Pharmacological Principles on the Physician Assistant Exam - dummies

Pharmacological Principles on the Physician Assistant Exam

By Barry Schoenborn, Richard Snyder

Before getting into nasty medication side effects, drug-drug interactions, and toxic ingestions, you need to review basic pharmacological principles for the Physician Assistant Exam (PANCE). The body processes a medication in four basic ways: absorption, distribution, metabolism, and elimination. If any of these processes is altered in some way, then bad things can happen.

Medication absorption

For a medication to work in the body, it has to be absorbed. Medications given orally (the most frequently used route of administration) require an intact gastrointestinal (GI) tract for proper absorption. Such conditions can cause malabsorption of oral medications, too.

Other factors can impact a medication’s absorption as well, one being its bioavailability (how much medication is absorbed in the GI tract). Different medications are made differently and absorbed differently by the intestine; for example, you sometimes see significant differences in bioavailability when comparing a brand name medicine to its generic counterpart.

Certain medications can also affect the absorption of others. For example, many oral iron preparations must be taken separately from other medications because iron can decrease their absorption. Usually, the medication levothyroxine (Synthroid) is taken separately from other meds because the interaction can affect its absorption. Less of it is absorbed when it’s not taken on an empty stomach apart from other medications.

Medication distribution

After a medication is absorbed, it has to go somewhere. Different medications have different volumes of distribution. For example, medications that are lipophilic (fat-loving) are found in higher concentrations in adipose tissue than those that are hydrophilic (water-loving). Some medications can achieve a therapeutic blood concentration, and others build up in the body tissues.

For example, fluoroquinolones are used in treating many genitourinary infections because they have good tissue penetration into that area. They’re used for treating lung infections such as bronchitis and pneumonia for the same reason. Although the aminoglycoside antibiotics likewise have good GU penetration, they wouldn’t be good choices for treating a lung infection because they don’t penetrate the lung tissue very well.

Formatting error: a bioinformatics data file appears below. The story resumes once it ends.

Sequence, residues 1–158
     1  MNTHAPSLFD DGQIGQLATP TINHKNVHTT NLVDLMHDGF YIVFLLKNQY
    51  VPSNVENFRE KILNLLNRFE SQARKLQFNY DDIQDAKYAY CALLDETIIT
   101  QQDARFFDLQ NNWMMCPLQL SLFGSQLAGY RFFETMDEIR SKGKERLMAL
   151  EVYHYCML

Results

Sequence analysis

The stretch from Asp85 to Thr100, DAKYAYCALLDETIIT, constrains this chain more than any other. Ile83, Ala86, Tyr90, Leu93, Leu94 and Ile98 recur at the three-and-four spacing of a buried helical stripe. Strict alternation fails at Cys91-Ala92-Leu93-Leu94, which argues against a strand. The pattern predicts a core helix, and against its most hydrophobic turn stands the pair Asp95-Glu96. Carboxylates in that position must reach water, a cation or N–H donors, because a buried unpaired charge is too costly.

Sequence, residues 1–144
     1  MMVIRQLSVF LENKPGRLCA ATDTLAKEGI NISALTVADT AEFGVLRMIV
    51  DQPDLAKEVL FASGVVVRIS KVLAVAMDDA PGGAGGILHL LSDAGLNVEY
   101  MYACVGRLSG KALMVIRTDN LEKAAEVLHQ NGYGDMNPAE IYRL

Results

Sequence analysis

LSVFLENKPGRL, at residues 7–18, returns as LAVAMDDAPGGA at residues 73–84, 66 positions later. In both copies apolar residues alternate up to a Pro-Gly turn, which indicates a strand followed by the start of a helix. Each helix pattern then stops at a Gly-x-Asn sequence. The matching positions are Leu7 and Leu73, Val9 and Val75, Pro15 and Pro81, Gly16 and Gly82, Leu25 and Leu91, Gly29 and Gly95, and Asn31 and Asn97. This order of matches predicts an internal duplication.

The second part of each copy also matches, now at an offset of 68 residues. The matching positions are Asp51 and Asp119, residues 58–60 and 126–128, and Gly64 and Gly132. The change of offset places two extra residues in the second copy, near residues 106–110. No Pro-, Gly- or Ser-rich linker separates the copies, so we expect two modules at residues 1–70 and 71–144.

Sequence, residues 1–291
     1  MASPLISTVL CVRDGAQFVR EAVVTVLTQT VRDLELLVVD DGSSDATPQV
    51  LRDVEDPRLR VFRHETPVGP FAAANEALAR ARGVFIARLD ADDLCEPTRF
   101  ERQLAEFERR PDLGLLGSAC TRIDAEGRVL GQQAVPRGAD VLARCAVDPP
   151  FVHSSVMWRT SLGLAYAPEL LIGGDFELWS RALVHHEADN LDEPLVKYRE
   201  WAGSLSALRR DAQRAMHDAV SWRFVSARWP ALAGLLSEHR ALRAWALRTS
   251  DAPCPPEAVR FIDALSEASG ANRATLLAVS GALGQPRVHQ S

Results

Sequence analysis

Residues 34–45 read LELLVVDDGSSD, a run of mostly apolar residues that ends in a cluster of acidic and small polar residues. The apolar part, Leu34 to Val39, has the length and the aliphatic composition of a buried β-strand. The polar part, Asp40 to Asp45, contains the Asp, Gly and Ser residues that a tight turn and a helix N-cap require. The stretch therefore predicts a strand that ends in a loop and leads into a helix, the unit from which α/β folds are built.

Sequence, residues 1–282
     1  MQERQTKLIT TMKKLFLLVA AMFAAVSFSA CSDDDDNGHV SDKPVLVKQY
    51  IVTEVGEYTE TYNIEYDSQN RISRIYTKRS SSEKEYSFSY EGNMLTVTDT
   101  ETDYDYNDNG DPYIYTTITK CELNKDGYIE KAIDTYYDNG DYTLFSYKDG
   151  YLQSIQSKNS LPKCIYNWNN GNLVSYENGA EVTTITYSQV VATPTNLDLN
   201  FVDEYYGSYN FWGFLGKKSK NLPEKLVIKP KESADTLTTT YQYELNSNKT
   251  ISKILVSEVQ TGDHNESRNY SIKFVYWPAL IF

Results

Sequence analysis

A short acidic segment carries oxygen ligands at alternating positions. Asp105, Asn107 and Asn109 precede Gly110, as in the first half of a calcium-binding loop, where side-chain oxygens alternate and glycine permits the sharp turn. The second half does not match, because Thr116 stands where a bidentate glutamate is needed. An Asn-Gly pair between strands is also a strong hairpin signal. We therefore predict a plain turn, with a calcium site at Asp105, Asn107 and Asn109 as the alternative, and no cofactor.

If you understand how the body handles a medication or class of medications, you can better understand how to treat a toxic ingestion or a significant drug interaction. Some medications, like digoxin (Lanoxin), bind to plasma proteins such as albumin.

These medications can stick to these proteins like glue, which becomes problematic if they reach a toxic level. For drugs such as this, you need to know how much of a medication is protein-bound and how much is the unbound (active) portion. If a medication is highly protein bound, it cannot be removed by dialysis.

Medication metabolization

How the body metabolizes a medication is a biggie in terms of drug-drug interactions. The majority of medications are metabolized in the liver (meaning they’re hepatically metabolized), usually via various cytochrome pathways. For example, cytochrome P450 (CYP) is a common metabolic pathway for many medications, including antiseizure meds. As the liver’s metabolic machinery processes the medications, they can act as either enzyme inhibitors or enzyme activators:

  • Enzyme inhibitors: Inhibit the metabolism of other medications

  • Enzyme activators: Increase the metabolism of other medications, thus lowering drug levels

A common example of an enzyme inhibitor is cimetidine (Tagamet). This H2 blocker can inhibit the metabolism of many medications processed by the same metabolic pathway so they have a longer half-life in the body.

Increasing or decreasing the half-life of some medications can have dramatic results. One of the most dramatic examples of this is warfarin. Any medication that’s an enzymatic inhibitor can increase the half-life of warfarin. This can thin the blood and increase the risk of bleeding. Too low of a warfarin level can increase the risk of clots. Being on warfarin means following the blood levels and the prothrombin time closely.

On the PANCE, you should be familiar with the mechanism of action of commonly prescribed medications. Following is an example question on mechanism.

Which of the following medications works by increasing the pancreatic secretion of insulin?

(A) Metformin (Glucophage)

(B) Acarbose (Precose)

(C) Glucagon (GlucaGen)

(D) Glimepiride (Amaryl)

(E) Cosyntropin (ACTH)

The answer is Choice (D). Glimepiride (Amaryl) belongs to the class of medications called sulfonylureas, which increase pancreatic secretion of insulin. Metformin (Glucophage) decreases liver production of glucose and increases peripheral utilization of glucose. Acarbose (Precose) inhibits carbohydrate absorption. Glucagon isn’t even applicable here; it’s used to treat life-threatening hypoglycemia. Cosyntropin (ACTH) is used to evaluate for adrenal insufficiency.

Medication elimination

After the body processes the medication, the med needs to leave the body somehow. The main medication or its metabolites are eliminated either by the GI tract or more commonly via the kidney. Kidney disease can extend the half-life of many medications, such as insulin.